• To discuss issues relating to maximising deliverables and impact;
  • To inform existing and future monitoring and reporting processes of the projects and the University in relation to the GCRF;
  • To provide insights into effective ways that the University can further enhance effective support for GCRF related projects;
  • To identify potential future ‘quick wins’ and ‘take away’ that can inform and improve ongoing GCRF projects;
  • To provide a foundation for future activities of the GCRF panel including a future workshop looking at future bidding for projects beyond the GCRF.

Please book via this link.

RKEDF – Overview of NIHR, CRNs and NIHR portfolio

On Tuesday 24th October, RDS are running a 2 hour workshop to give an overview of the National Institute for Health Research (NIHR), Clinical Research Networks and the NIHR ‘portfolio’.

This workshop is designed to raise awareness of the benefits of the NIHR’s portfolio of research studies to BU and NHS partners.  It will also explore the role of the NIHR Clinical Research Networks (CRN), with an emphasis on the set-up and work of our local network, Wessex.

The workshop will cover the requirements to be eligible for the NIHR portfolio, how to apply so that your study may be considered for adoption, and how to access the support of the NIHR CRN.

By the end of this workshop you will have an understanding about:

  • The work of the NIHR and layout of the CRNs
  • How to apply for and the requirements for portfolio adoption
  • The benefits of having a study on the NIHR portfolio

If you’re interested in attending then reserve your place via Organisational Development.

RKEDF – Good Clinical Practice ‘Lite’

On Tuesday 15th October, RDS are running a 2 hour workshop on the standards of Good Clinical Practice. If you’re running your own clinical research, or are planning to in the future then this workshop is for you.

This workshop is designed to ensure that Researchers are equipped to conduct clinical research in accordance with the international standard.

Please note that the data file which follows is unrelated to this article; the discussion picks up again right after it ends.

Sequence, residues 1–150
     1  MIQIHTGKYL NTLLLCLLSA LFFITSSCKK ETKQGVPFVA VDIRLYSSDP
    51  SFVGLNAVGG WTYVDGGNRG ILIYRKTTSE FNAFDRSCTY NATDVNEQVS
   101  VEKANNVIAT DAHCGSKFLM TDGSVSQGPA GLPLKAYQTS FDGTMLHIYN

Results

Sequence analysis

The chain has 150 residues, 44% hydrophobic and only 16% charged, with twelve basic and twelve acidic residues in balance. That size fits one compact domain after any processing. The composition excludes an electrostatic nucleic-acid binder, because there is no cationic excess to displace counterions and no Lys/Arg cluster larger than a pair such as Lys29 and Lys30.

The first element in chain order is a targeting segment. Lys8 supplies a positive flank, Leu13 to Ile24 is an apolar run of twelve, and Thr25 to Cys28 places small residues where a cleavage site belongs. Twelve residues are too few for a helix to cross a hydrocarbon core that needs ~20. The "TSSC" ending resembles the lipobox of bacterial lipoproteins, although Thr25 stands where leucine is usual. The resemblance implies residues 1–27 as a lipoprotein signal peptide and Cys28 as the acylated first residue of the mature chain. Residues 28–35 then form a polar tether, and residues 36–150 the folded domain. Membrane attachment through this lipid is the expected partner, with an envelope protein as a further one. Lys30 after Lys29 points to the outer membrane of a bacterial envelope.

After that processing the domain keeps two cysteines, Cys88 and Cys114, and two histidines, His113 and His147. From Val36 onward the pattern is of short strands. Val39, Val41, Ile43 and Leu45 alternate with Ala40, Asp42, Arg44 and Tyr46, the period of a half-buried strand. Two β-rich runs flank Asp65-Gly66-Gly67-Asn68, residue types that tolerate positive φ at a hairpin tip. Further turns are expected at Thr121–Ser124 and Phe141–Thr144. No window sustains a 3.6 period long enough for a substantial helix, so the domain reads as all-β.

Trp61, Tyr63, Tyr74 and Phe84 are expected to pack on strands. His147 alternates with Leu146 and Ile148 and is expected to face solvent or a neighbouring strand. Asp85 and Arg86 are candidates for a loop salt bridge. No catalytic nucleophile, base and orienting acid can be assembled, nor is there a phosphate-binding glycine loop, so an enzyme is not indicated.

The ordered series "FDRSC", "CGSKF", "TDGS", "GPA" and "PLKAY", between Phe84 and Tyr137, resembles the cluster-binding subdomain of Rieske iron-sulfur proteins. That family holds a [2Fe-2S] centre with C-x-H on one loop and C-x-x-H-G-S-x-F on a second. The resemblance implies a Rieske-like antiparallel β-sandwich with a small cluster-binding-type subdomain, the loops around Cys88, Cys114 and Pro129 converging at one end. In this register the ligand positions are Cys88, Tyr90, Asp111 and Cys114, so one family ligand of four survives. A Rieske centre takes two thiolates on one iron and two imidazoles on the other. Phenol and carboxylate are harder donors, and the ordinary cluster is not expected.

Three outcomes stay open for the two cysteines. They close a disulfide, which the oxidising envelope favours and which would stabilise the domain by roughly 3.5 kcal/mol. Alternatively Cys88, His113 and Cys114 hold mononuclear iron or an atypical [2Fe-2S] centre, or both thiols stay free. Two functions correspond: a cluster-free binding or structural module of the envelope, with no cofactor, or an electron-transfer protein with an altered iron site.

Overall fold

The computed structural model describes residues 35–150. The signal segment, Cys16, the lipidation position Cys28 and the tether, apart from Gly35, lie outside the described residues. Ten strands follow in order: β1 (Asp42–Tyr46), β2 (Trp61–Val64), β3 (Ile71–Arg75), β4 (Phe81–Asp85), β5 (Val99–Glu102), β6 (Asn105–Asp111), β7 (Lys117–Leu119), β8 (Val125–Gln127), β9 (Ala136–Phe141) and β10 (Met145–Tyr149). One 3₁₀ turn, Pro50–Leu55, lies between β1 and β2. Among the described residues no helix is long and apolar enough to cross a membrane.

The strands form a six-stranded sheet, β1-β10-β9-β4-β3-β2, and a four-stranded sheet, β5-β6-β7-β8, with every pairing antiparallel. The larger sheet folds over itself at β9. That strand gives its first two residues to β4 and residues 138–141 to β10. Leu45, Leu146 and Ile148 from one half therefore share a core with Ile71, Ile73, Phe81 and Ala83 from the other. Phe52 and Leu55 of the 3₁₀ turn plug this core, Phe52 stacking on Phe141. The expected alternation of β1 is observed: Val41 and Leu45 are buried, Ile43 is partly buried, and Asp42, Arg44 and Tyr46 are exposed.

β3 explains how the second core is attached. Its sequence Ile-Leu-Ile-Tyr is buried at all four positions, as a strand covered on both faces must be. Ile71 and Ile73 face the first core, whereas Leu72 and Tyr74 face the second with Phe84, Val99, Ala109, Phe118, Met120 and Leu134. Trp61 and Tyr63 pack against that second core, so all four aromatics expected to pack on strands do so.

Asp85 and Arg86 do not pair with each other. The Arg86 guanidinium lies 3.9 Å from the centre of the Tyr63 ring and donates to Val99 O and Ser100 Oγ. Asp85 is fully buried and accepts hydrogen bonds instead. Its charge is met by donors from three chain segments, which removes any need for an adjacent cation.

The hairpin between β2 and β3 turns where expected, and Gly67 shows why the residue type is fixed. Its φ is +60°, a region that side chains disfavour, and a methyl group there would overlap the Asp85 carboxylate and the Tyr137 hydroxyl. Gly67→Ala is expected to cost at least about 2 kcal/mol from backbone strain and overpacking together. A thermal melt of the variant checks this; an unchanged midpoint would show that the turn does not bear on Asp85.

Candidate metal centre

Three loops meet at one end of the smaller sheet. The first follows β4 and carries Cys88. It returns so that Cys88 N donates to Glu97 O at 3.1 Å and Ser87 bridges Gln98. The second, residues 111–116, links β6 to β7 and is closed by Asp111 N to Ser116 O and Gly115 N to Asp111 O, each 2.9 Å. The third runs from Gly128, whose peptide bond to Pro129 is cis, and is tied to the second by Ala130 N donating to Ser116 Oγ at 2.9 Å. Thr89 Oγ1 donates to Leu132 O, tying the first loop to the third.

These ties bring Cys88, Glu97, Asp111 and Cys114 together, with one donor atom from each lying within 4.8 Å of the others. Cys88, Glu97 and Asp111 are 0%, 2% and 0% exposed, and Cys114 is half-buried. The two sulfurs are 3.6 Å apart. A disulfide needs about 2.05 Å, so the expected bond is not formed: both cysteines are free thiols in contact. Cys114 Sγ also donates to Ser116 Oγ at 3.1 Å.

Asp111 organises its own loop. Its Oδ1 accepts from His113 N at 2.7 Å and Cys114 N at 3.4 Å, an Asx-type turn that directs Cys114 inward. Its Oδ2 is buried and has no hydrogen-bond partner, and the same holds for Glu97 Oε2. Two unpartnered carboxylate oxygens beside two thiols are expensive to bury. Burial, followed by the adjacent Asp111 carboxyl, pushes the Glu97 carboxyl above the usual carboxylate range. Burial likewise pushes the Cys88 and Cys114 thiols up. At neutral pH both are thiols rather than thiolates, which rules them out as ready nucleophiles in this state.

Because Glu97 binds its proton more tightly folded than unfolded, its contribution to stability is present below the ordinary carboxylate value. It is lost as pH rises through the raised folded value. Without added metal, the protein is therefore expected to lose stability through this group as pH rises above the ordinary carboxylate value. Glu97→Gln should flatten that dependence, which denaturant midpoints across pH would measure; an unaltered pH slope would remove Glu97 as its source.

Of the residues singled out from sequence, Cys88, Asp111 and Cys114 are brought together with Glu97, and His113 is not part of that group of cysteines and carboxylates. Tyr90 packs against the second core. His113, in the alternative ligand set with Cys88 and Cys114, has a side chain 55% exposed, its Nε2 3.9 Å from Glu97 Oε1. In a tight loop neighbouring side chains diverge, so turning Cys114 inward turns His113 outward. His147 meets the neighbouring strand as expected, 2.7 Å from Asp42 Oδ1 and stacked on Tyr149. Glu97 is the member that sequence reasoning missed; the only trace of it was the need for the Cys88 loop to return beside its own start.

The workshop will cover other standards and regulations, roles in clinical research, participant eligibility and data collection, safety reporting and closing down your study.

By the end of this workshop you will have an understanding about:

  • The importance of protecting the rights, safety and wellbeing of research participants
  • The importance of ensuring that research data are reliable
  • The roles and responsibilities of those involved in clinical research
  • The different stages of the clinical research pathway

If you’re interested in attending then reserve your place via Organisational Development.

Good Clinical Practice refresher – Tuesday 8th October

Are you currently undertaking research within the NHS, and your Good Clinical Practice (GCP) training is due to expire? Or has it expired recently?

GCP certification lasts for two years, so if your training is due to expire, has expired, or you want to validate your learning, then take advantage of the upcoming refresher half day session, taking place at Royal Bournemouth Hospital on Tuesday 8th October, 8:30am – 11:30am.

Spaces are still remaining, so if you’d like to enrol, get in touch with Research Ethics.